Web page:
One of the old investors said something to me the other day that I knew but needed to be put into perspective. “There is a time to harvest and a time to tend the crops, and you need to be tending better than you ever have before.” In other words get ready for the biggest sh** storm we have ever seen. I mean this in the most positive way possible but the reality is if they don’t monumentally change the property tax laws and the insurance burden we will have no control. All that being said you can make money in any market in any conditions but you have to buy “extremely” right. Don’t even swing for doubles it has to always be a homerun. Keep what you have that cash flows and ride it until we see what happens. Everything is a cycle and it will come back around but who knows when. I live in St. Augustine, FL which was the premier destination in the 1880’s and it took 60 years to come back to prominence. Is that what will happen again? I don’t know but historical trend is what it is. Cash flow equals long term success.

Best Regards,
Eric in FL

Re: Investing in Fl is a tropical depression - Posted by Rich-CA

Posted by Rich-CA on May 29, 2007 at 20:20:23:

Recently talked to a friend of mine and we were comparing Phoenix (where we both have houses) with Tampa (where he has houses but I do not - I chose San Antonio and there is no downturn there). He said Tampa is harder to sell in that Phoenix, and Phoenix takes half a year. At the rate of population growth in FL (mainly at the expense of NY state), you only have a couple of years before the market absorbs the excess units that are causing the stagnation.

Unless you have condos, they seem to recover last in any market.

Re: Investing in Fl is a tropical depression - Posted by Georgia

Posted by Georgia on May 29, 2007 at 19:53:32:

Did you read the articles in the St. Pete Times. Sunday’s article say some guy is making a boat load of money . Sat’s article talked about a guy trying to market his own property creatively, because his realtor couldn’t sell for him.
There a lot of REO’s in our area but the banks must be sleeping. Some as a matter of fact for years.

Re: Investing in Fl is a tropical depression - Posted by RR

Posted by RR on May 29, 2007 at 19:51:47:

You know what, I still believe Florida is a good state to invest, people still move To Florida even after those 4 major hurricanes 2 years ago,I guess the trick is to ID the new trends, for instance 2 or 3 years ago people were investing in pre construction and made a ton of money,6 years ago those who were able understand what low interest rates do to the market just bought single family homes and held them for a while,I have never invested in foreclosures But i Believe will be the next biggest trend in Real Estate,banks are desperate , and you experts correct me if I am wrong,But is hard to tell who is more desperate , the Home owner who cannot make payments or the banks who cannot collect the mortgage payments.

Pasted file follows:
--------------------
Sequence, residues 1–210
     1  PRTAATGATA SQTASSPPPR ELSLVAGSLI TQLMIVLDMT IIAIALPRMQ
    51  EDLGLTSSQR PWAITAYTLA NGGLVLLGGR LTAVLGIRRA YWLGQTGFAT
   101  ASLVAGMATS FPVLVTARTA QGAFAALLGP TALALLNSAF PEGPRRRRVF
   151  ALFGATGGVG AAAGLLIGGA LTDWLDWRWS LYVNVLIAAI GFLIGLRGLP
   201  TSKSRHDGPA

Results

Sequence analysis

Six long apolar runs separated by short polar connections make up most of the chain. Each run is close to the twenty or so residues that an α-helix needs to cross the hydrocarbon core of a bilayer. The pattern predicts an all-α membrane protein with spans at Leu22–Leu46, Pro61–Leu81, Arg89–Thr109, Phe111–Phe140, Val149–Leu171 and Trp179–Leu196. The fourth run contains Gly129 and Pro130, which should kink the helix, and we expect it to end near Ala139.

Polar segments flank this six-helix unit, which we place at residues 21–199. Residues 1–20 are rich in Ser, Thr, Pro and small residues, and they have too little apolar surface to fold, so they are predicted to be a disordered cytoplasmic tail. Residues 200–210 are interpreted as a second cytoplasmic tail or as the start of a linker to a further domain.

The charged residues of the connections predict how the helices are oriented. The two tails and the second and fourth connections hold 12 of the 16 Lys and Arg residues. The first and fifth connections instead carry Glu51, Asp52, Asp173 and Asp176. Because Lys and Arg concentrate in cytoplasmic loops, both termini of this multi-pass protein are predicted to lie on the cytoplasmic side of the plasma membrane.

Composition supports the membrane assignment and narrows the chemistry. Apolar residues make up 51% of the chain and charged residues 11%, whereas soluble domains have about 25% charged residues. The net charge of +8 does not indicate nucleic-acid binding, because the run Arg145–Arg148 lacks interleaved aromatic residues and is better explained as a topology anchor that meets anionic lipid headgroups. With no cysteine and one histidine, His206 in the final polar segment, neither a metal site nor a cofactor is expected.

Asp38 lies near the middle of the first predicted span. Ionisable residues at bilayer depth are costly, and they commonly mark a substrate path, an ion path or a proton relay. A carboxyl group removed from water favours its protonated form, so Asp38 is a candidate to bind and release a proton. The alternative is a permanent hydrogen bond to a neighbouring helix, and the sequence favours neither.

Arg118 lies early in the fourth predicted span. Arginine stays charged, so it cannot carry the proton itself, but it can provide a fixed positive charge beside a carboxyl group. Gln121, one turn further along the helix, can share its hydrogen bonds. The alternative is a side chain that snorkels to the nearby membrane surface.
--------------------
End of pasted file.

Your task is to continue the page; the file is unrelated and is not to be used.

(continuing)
I would to hear opinions from the experts who invest in foreclosures.

Re: Pent-up demand - Posted by vacationlover

Posted by vacationlover on June 02, 2007 at 21:02:04:

You and many of the others have made some interesting and insightful observations.

I’m a south FL investor. Sold off some rental property last year. Saw a little writing on the wall, too, with the property taxes. But, that’s another story.

My personal opinion is that Charlie (Crist) isn’t really going to do $hit, as far as meaningful tax and insurance reform is concerned. Why?? Well, how about that taxes have actually gone UP via the increase in school tax that was passed some time ago. He announced a sweeping change that was promised to be gray-mattered prior to June 12th, and penciled into law soon after. So… Let’s review. Taxes are supposed to be going down. But, they actually go up. ?? End of review.

Phase 2:
Yes. Your scenario is right regarding homestead homeowners being entrenched because of the difference in property tax they would absorb by moving. I, myself, would actually consider changing my primary residence and moving up. But, there isn’t any logic in doing so, given the fact that my property taxes would probably triple. Mind you, I’m not unhappy where I am and am starting to seriously consider huge improvements here. Why not?? The improvements would easily outweigh the tax differential in< 3 years.